Nothing can kill a great day on the slopes like cold fingers, so make sure to choose a quality glove or mitten that fits the type of skiing you do most. The options range from gauntlet-style synthetic gloves to undercuff leather designs from powerhouses like Swedish manufacturer Hestra. Below are our picks for the best ski gloves and mittens of the 2023-2024 season, with price points from over $300 all the way down to $27 or less for the cult-classic “blue gloves.” All designs on this list are either unisex or include a link to the women’s-specific version. For more background information, see our glove comparison table and buying advice below the picks. To complete your kit, check out our articles on the best ski goggles and ski helmets.
- Best Overall Ski Glove: Hestra Army Leather Heli
- A Close Second (With Better Waterproofing): Black Diamond Guide
- Best Budget Ski Glove: Gordini GTX Storm Glove
- Best Mitten for Skiing: Black Diamond Mercury Mitten
- Best Heated Ski Mitt: Outdoor Research Prevail Heated GTX Gloves
- Best 3-Finger Ski Glove: Oyuki Pep GTX Trigger Mitt
- Best Leather Work Glove for Skiing: Flylow Gear Ridge Glove
Best Overall Ski Glove
Cuff style: Gauntlet
Shell: Polyamide/goat leather
Insulation: G-Loft synthetic & fleece
What we like: Beautifully made, cozy and warm, and good dexterity.
What we don’t: Requires some maintenance to stay waterproof.
Ski professionals the world over have trusted Swedish manufacturer Hestra for decades, and their Army Leather Heli is our top pick. This comfortable and highly functional ski glove has been around for years, but its hybrid leather and synthetic construction remains best in class. The Heli’s premium build quality, warmth, and comfort all stand out at a price that undercuts other high-end ski gloves. For these reasons, we think the Heli is the perfect partner for keeping you warm on the mountain.
As with nearly all Hestra products, the Heli has liberal amounts of leather in its construction. The benefit is that the glove flexes easily and is very durable, but you will occasionally need to reapply a leather conditioner to the palm and fingers to keep moisture at bay (a small sample of Hestra’s Leather Balm is included). Some prefer a glove with a nylon shell for better waterproofing, but we find the simple maintenance to be well worth the effort—even for skiing in the wet snow of the Pacific Northwest. This popular glove has spawned a couple variations, including a mitten for maximum warmth and a 3-finger glove that splits the difference. For a truly waterproof version without removable liners, check out the Hestra Army Leather Gore-Tex ($190).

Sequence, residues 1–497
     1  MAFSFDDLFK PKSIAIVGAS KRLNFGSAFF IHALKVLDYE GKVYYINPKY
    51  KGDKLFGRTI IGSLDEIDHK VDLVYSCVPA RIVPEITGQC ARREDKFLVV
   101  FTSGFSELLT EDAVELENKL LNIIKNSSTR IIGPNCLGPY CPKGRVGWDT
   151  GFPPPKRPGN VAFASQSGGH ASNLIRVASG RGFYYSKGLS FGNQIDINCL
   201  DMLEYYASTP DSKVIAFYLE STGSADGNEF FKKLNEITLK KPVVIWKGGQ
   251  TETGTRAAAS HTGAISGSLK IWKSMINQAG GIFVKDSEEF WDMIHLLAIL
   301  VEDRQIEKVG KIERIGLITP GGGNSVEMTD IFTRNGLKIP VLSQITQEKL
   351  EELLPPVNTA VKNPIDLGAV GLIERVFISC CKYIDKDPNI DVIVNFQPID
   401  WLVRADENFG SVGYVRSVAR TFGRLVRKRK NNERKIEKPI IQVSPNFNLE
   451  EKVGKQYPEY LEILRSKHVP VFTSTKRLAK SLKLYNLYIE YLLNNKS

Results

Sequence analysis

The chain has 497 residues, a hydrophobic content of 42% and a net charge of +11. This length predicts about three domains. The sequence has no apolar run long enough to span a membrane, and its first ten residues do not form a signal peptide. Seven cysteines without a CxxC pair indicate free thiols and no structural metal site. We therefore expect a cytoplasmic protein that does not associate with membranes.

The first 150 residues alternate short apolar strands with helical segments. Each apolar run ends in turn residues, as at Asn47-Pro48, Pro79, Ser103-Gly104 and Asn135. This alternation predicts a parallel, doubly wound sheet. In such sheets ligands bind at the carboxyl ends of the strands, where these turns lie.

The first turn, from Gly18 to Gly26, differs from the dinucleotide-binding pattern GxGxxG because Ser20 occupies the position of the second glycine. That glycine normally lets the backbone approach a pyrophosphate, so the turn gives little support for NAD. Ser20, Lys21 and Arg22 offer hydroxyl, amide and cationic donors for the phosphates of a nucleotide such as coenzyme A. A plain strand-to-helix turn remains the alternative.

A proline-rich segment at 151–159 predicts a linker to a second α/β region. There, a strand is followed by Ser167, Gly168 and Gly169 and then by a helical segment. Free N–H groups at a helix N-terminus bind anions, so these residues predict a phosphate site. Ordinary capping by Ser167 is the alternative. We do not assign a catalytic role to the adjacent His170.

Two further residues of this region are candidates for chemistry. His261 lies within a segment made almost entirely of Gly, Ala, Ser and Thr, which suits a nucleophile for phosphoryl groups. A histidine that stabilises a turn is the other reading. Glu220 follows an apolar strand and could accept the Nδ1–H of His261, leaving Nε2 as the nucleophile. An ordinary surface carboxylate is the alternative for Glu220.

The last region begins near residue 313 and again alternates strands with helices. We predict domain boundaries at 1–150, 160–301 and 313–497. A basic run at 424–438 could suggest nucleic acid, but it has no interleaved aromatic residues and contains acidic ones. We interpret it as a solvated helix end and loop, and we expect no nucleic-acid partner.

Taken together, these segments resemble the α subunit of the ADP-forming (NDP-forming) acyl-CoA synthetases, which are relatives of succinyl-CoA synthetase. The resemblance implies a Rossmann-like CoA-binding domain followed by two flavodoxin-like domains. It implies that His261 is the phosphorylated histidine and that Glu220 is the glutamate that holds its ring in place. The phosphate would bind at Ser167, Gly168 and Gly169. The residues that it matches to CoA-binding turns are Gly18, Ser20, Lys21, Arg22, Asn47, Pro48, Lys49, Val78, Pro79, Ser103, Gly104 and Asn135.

See the Men's Hestra Heli Glove See the Women's Hestra Heli Glove
A Close Second (With Better Waterproofing)
Cuff style: Gauntlet
Insulation: PrimaLoft One (170g) & wool
What we like: Very warm, long-lasting build, and comfortable.
What we don’t: Takes some time to break in; below-average dexterity.
Black Diamond’s Guide glove is legendary among hardcore skiers for its impressive warmth and durability. It’s near the top in terms of hand protection on this list, and unlike the Hestra Heli above, the design is completely waterproof with a Gore-Tex insert. Inside its very tough exterior, Black Diamond uses both PrimaLoft synthetic and thick boiled wool in the removable liner for insulation. If your hands are consistently cold or you ski in frigid conditions, the Guide is hard to beat.
The downside of all this material is that the BD Guide can take some time to break in. And even after a few years of consistent use, ours still lacks the flexibility that you get right out of the box with the Hestra Heli, which is similarly warm (one downside of the Gore-Tex liner). It’s a compromise many are willing to make, however, and the Guide is among the most popular ski gloves on the market. If you run warm or only head out in mild conditions, you can save money by opting for a glove with lighter insulation and better dexterity, such as the Outdoor Research Arete II or Black Diamond Legend below... Read in-depth review
See the Black Diamond Guide Glove See the Women's Black Diamond Guide
Best Budget Ski Glove
Cuff style: Gauntlet
Insulation: Megaloft synthetic
What we like: Standout comfort, warmth, and waterproofing for the price.
What we don’t: Fake leather palm and liner isn’t removable.